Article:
The Truth: Focus On Fats
Fat: The Four Letter Word
Health advice has been centred around removing fat from your diet. Really? Recent reports suggest this might not be true and this approach is not working.
Why? Three reasons
- People are cutting healthy fats out of their diets
- Low fat options can mean higher sugars and so more calories
- Supermarkets provide all options: lower fat, reduced fat, lite or lighter versions. To be labelled low fat, foods have to be 30% less fat than a similar product—but they are often still BAD choices
Your Body Needs Fat
Before racing to the local takeaway read on. You need to include the ‘right’ fats.
These are man made fats, typically in processed foods like sausages, pies, cakes and cheese. These fats are usually solid at room temperature and lead to harmful LDL cholesterol. Regular consumption increases the risk of heart disease and diabetes.
Eat Fats Sparingly
- Always eat a balanced diet, try to understand your calorie intake and meet the minimum recommended exercise levels
- Check out the Live Well section on the NHS.uk site for more information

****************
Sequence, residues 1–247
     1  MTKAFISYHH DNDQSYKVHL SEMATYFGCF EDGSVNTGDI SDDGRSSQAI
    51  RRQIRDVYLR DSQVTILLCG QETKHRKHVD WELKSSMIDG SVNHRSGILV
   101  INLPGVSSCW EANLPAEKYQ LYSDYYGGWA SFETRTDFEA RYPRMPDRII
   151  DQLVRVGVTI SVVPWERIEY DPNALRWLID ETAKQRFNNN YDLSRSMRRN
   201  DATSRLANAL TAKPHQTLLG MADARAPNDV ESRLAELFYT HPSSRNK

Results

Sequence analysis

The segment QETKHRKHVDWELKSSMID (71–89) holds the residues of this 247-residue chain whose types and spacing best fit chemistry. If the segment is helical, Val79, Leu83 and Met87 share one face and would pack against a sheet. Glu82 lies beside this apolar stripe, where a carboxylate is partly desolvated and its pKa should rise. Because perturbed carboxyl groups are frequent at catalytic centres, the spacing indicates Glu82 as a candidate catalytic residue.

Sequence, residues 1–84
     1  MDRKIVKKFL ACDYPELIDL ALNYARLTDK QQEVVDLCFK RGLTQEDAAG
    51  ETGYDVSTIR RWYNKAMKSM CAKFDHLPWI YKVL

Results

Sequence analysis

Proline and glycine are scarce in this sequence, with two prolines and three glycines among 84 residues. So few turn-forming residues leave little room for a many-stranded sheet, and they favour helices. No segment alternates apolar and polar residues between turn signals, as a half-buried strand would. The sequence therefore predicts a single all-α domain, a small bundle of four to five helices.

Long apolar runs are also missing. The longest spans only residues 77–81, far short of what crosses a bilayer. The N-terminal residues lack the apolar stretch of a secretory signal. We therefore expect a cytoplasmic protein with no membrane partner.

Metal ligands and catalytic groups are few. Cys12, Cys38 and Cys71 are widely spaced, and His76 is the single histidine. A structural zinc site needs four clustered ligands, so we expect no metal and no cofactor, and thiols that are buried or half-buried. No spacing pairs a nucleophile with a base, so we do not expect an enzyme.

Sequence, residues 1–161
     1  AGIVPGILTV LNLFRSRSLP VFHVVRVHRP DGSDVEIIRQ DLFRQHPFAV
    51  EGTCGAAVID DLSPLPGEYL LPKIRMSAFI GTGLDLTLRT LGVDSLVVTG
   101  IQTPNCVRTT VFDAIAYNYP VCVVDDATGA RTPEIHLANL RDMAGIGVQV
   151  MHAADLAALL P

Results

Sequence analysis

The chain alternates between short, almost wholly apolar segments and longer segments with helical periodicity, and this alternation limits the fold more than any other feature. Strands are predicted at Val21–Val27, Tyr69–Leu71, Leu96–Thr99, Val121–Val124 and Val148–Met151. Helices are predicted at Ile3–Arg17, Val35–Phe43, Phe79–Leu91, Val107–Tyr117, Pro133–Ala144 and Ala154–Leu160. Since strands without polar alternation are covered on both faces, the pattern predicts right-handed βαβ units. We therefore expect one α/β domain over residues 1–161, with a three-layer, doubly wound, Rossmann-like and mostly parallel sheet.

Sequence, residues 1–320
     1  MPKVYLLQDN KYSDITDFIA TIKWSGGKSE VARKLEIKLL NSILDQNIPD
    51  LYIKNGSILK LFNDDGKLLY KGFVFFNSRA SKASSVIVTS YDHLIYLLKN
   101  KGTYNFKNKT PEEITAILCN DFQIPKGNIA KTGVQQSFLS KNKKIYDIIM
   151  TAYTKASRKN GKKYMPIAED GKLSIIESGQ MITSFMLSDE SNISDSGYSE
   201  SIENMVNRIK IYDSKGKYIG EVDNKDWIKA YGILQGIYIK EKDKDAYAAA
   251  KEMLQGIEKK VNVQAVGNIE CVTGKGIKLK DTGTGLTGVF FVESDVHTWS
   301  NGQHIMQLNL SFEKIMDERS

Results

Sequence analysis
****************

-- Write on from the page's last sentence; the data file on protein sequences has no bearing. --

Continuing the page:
- Eat fatty foods sparingly. There are nearly twice as many calories in fat per gram versus carbohydrate
- Choose food < 3% fat (3g per 100g)
- Choose saturated fat free or choose food < 1.5g saturated fat (1.5g per 100g)
Watch out for these foods
- Processed meat products like pies
- Cheese (especially hard cheese)
- Some savoury cakes and chocolate confectionery
- Biscuits, cakes, pastries
- What are the ‘right’ fats?
Eat monounsaturated or polyunsaturated fats:
- Olive/Rapeseed (Canola)/Sunflower oil
- Nuts like almonds, brazils, peanuts
Eat foods with Omega 3 and Omega 6 Fatty Acids
- Rapeseed/Soy Bean/Sunflower/Walnut Oil
- Salmon, Sardines, Mackerel
- Fresh Tuna
All research and articles emphasise the importance of a balanced diet with plenty of fruit and vegetables. Statistics show that 100% of us will die! Whether we should avoid carbohydrates, fat or eggs is less clear cut.
Nevertheless, be careful who funds the research behind the headlines. It might be advisable to take some scientific studies with a pinch of salt. Although you know, that expression may have been invented by the low sodium lobby.